Good writing comes from editing, followed by proofreading. Did you know that? Maybe you still hear your grade school teacher's voice nagging you about your split infinitives or dangling participles? All her nagging won't change the fact the real magic happens through editing (then proofreading).
So go crazy.
Make all the errors you want while you hammer out the key messages you need to convey to your audience.
Afterward, take a step back.
Hand your work over to an editor (and then a proofreader 🙂 ) to comb through your writing to find the little things you missed while you focused on the bigger things.
Because you're under pressure to complete your writing project.
Already you've made umpteen million edits, and you're struggling to see whether or not you've caught the typos, transposed any letters, missed a comma, or forgot a paragraph indent. That's what we call "living too close to your work." But, don't worry. It's a sign you care. And so do I.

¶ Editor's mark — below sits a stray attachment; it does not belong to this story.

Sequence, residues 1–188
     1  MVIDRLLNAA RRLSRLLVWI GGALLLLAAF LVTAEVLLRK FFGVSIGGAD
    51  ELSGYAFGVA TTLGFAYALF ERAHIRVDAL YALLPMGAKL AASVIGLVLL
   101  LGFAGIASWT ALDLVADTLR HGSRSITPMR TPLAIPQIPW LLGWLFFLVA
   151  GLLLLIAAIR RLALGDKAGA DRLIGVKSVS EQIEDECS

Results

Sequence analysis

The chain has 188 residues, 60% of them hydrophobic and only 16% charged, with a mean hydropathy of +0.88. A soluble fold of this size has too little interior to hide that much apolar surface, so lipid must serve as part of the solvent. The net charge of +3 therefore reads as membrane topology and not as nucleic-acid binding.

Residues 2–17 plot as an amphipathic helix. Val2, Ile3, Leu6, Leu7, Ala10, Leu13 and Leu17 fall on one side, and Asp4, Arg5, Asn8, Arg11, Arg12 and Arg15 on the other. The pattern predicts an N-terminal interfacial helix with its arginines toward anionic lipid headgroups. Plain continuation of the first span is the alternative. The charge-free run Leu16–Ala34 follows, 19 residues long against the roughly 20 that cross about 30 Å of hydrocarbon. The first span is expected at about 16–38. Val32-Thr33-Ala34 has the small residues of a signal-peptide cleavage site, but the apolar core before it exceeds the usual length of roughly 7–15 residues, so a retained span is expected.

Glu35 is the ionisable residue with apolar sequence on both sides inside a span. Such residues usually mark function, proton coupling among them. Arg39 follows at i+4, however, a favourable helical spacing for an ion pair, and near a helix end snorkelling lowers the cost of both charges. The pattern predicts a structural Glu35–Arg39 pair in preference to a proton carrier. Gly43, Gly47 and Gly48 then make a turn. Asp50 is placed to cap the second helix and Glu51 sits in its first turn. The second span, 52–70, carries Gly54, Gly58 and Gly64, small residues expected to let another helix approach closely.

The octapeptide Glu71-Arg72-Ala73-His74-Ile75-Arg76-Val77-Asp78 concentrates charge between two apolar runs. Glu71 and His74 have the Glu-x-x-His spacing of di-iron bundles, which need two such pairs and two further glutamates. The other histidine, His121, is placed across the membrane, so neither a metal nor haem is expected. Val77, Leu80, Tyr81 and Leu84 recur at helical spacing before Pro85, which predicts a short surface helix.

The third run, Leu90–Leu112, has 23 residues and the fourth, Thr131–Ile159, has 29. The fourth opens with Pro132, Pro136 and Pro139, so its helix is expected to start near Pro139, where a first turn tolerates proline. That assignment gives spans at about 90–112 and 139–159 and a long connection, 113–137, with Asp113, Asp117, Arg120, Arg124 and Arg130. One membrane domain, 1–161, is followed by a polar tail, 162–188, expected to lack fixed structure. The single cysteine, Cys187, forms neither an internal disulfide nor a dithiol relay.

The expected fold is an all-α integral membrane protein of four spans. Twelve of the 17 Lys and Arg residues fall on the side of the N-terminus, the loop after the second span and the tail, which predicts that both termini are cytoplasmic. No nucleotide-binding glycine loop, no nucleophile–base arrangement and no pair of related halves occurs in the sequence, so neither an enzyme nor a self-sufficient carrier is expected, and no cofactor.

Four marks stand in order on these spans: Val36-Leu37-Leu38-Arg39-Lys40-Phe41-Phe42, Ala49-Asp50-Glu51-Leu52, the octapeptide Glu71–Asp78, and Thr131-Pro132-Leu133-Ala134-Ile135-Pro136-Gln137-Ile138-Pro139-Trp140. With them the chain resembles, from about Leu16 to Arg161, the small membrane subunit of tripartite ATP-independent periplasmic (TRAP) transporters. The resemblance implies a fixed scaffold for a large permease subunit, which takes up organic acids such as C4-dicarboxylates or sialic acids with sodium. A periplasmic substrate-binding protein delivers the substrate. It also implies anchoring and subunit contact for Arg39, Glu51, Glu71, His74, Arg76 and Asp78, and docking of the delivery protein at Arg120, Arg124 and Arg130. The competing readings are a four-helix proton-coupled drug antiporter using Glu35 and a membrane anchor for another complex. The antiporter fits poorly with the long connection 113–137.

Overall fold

Let me be your second set of eyes. I'll read everything you write four times.
Backward. (From the end to the beginning.)
Then I send back to you any corrections I find. Sound easy enough?
I'm your test reader.
When you spend intense time thinking about a topic--one you know very well, it's easy to forget that your readers might be learning about the subject for the first time. The points that are crystal clear to you might seem foggy to the reader. In this case, I'm your test reader. I'll read through your writing to let you know if your message is coming through clearly, then I'll note what's not clear to me. Make sense? If you want me to re-cast sentences to help you clarify your message, you can let me know either before or after this point. Deal?
Proofreading Is Different from Editing
I wrote this post to highlight the differences between proofreading and editing. The terms are often used interchangeably. However, proofreading and editing are different skills. Read this post to see how one differs from the other.